The Tapes Your Mother Laid Out for You
Second Installment: Rush – Grace Under Pressure (1984)
By Andrew W. Miller
By 1984, progressive rock was far from the genre du jour. It had seen its heyday in the 60s and 70s and had subsequently been bested by the catchiness (sorry, Johnny Rotten) and simplicity of punk and new wave. Ten years had gone by since Rush’s first album, Rush (1974), had been released. The latter nine years saw eight full-length albums produced by Terry Brown, who had seen the band develop from straight-up Led Zeppelin worship to the powerhouse that recorded epic, movement-structured albums like 1976’s 2112, 1978’s Hemispheres, as well as the commercially-successful Moving Pictures (1981) featuring the band’s signature song “Tom Sawyer.”
Moving Pictures and 1982’s Signals saw the dwindling of the 20-minute song, and the band’s sound became more synth-reliant. Displeased with this, the band hired producer Peter Henderson (King Crimson) and shot for a new direction with Grace Under Pressure.
The album starts out with the track “Distant Early Warning,” which, like many of the songs here, revolves around the Soviet Union, and the threat of Communism and nuclear disaster. “Watching from satellites /Take a page from the red book / Keep them in your sights / Red alert.” Quite frankly, if you pay attention to the number of times the word “red” is used on this album, you’ll be absolutely sick of hearing it by the end.
Despite this fact, the song is actually quite good. The lyrical hook, “You sometimes drive me crazy / but I worry about you,” is convincing, though it’s meaning is too abstract to discern.
By the second song, “Red Sector A,” you start to get the feeling that this song was for lack of a better description, danceable. Maybe that’s a faux pas, considering it’s about the Holocaust, but one can’t help but think Rush is giving a nod to new wave here. Strangely, as a band that stands today with a sort of zeitgeist stigma, Rush was very much changing well into the 80s.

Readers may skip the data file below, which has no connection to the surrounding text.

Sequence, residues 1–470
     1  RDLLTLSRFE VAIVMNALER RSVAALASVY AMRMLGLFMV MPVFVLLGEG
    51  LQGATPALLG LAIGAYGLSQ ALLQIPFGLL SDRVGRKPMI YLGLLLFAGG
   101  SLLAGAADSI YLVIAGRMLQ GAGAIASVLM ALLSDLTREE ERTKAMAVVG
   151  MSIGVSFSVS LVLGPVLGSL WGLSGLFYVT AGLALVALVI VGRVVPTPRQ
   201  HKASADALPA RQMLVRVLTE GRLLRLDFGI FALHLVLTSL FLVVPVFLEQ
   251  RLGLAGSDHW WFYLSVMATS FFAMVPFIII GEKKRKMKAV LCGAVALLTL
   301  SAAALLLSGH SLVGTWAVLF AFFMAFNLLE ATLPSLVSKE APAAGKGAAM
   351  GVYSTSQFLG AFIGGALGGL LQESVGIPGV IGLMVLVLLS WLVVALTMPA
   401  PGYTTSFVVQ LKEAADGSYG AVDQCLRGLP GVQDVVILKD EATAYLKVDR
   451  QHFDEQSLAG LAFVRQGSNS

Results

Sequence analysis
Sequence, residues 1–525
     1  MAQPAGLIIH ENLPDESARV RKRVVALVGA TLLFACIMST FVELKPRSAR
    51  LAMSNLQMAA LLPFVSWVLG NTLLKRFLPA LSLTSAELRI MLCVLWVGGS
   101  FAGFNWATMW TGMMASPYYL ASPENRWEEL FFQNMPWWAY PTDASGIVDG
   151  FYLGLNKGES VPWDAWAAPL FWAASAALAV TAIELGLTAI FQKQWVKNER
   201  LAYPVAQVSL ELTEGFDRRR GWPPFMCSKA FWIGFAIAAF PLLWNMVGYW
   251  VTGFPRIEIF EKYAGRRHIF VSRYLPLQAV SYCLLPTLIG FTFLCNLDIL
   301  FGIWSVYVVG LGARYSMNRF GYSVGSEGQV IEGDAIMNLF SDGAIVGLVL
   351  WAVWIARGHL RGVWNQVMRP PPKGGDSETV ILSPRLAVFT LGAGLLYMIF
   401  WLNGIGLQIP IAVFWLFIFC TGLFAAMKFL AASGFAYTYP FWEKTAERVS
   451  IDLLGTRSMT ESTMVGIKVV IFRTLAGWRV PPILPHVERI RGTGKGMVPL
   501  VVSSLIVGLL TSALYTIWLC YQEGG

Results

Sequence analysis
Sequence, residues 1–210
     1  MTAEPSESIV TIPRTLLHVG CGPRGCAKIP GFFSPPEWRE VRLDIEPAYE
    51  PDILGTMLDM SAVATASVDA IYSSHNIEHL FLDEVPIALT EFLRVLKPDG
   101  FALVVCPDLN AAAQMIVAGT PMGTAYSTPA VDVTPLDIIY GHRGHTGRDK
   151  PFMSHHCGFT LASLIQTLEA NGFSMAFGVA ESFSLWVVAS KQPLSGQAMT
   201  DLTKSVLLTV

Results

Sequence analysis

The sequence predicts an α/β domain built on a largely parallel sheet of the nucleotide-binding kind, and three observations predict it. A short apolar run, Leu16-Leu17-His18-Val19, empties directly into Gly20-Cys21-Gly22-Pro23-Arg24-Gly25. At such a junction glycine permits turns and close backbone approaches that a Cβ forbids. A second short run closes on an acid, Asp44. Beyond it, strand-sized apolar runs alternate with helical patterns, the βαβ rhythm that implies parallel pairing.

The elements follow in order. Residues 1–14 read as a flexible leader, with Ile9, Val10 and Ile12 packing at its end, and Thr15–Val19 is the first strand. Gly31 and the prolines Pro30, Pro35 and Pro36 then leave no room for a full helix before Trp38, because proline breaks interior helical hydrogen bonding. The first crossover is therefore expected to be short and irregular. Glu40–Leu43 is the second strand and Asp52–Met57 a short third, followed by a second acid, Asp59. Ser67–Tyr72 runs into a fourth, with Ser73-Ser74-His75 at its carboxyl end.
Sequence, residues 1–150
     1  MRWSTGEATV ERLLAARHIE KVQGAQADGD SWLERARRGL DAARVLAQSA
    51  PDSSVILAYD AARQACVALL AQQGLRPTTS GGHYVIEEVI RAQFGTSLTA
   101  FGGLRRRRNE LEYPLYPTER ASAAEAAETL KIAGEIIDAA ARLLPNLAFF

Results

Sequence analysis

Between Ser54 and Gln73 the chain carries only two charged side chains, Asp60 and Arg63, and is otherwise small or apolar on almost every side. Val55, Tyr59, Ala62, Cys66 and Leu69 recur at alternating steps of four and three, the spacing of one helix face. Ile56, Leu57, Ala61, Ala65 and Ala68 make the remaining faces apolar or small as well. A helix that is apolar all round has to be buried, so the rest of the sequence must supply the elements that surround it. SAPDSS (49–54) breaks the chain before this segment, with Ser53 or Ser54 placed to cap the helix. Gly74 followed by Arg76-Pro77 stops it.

The vocals on the album are standard Geddy Lee fare through and through. You’ll have to love it or hate it on those grounds. The one difference is that Geddy is no longer belting lyrics out the way he did on riff-heavy songs like “Passage to Bangkok,” but that was sort of part-and-parcel of 2112’s style anyway. Grace Under Pressure is a different animal altogether.
It does have its shortcomings, namely, the song “Red Lenses.” Again with this “red” business. In general, the songs on this album do not deviate much from each other in style. However, “Red Lenses” seems like almost like an attempt to incorporate funk into the album. There’s slap bass and a bizarre vocal delivery. And, oh, the lyrics. “I see red / And it hurts my head / Guess it must be something / That I read.” If you don’t enjoy that third grade rhyme pattern, it doesn’t improve much.
The album’s final song, “Between the Wheels,” relies heavily on simple, slow synth hook. The album ends on a high note with some synths soaring over soloing in the last minute or so. It works. The song is a lament. “Another war, another wasteland / another lost generation.” Actually, if anything makes this album a zeitgeist it’s these cold war references.
By the way, the fade-out is really overused on the album. And “Between the Wheels” is no exception.
Quite frankly, presuming that you like Led Zeppelin, your best bet with Rush is to start at the beginning and work your way along with them chronologically. If you’re not already a fan of some of the albums repeatedly praised throughout this article, Grace Under Pressure might be a hard swallow. However, at the end of the day, Grace Under Pressure deserves to be heard.